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Cradle Cap

Medically reviewed by Last updated on Jan 5, 2023.

What is cradle cap?

Cradle cap (also called infantile seborrheic dermatitis) is a skin condition. Scaly patches develop on the top of your baby's head. The skin on your baby's face, ears, or groin may also be affected. Cradle cap may be caused by a fungal infection, a baby's oil glands, or by hormones passed to the baby from his mother during pregnancy.

What are the signs of cradle cap?

  • Patches of scaly or flaky skin
  • Greasy skin that has white flakes or yellow crusts
  • Red patches of skin
  • A diaper rash, or a rash on another part of his body

How is cradle cap diagnosed and treated?

Your baby's healthcare provider may know he has cradle cap by looking at his skin. Tell him when the scales appeared. Tell him how often you wash your baby's hair and the kind of shampoo you use. Treatment may not be needed. Cradle cap usually goes away between 6 and 12 months of age. The following can help treat, manage, or prevent cradle cap:

  • Mild baby shampoo may help control cradle cap. Wash your baby's hair once per day. Your baby's healthcare provider may recommend a stronger shampoo if the cradle cap does not improve. You may need to use an adult dandruff shampoo or a shampoo that contains antifungal medicine, such as ketoconazole. Do not use these shampoos unless directed by your baby's healthcare provider. Do not let the shampoos get into your baby's eyes.
  • Remove scales when you wash your baby's hair. Do not pull on the scales. This can spread infection and may cause hair loss. If the scales do not come off easily when you wash your baby's hair, apply mineral oil or olive oil to the skin before you shampoo. Let it sit for 1 hour. Use a soft-bristled brush to remove the scales. Then shampoo your baby's hair as usual.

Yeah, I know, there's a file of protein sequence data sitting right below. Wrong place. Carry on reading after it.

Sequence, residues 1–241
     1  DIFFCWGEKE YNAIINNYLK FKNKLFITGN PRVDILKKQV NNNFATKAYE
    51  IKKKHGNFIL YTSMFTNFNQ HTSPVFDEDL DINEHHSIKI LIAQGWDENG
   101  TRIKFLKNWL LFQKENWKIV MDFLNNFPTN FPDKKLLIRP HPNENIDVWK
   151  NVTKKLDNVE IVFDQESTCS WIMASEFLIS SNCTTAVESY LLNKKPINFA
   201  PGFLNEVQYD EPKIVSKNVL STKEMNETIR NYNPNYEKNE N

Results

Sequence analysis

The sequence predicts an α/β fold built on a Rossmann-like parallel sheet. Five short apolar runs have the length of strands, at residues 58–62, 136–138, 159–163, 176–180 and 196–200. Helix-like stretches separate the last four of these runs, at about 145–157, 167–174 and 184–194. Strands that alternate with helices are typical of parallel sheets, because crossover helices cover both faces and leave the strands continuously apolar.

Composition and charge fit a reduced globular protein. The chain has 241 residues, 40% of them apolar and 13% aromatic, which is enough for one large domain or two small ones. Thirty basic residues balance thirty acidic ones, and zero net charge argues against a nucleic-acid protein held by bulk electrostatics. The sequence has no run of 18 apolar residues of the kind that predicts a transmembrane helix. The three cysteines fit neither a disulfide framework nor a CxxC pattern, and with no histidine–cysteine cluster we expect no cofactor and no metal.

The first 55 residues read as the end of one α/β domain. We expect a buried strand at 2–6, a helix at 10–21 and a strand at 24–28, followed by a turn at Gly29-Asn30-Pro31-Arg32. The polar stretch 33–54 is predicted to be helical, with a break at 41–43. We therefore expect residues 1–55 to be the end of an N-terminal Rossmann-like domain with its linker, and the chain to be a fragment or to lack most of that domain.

• Medicines may be given as creams to apply to your baby's skin. Antifungal cream helps treat scales that appear on your baby's body. Antihistamine or hydrocortisone cream helps treat inflammation or red skin. Do not use over-the-counter creams unless your baby's healthcare provider says it is okay. Some creams are dangerous when they are absorbed into a baby's skin.

When should I contact my baby's healthcare provider?

  • Your baby has new or worsening signs.
  • Your baby's cradle cap does not improve, even after treatment.
  • You have questions or concerns about your baby's condition or care.

Care Agreement

You have the right to help plan your baby's care. Learn about your baby's health condition and how it may be treated. Discuss treatment options with your baby's healthcare providers to decide what care you want for your baby. The above information is an educational aid only. It is not intended as medical advice for individual conditions or treatments. Talk to your doctor, nurse or pharmacist before following any medical regimen to see if it is safe and effective for you.

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Further information

Always consult your healthcare provider to ensure the information displayed on this page applies to your personal circumstances.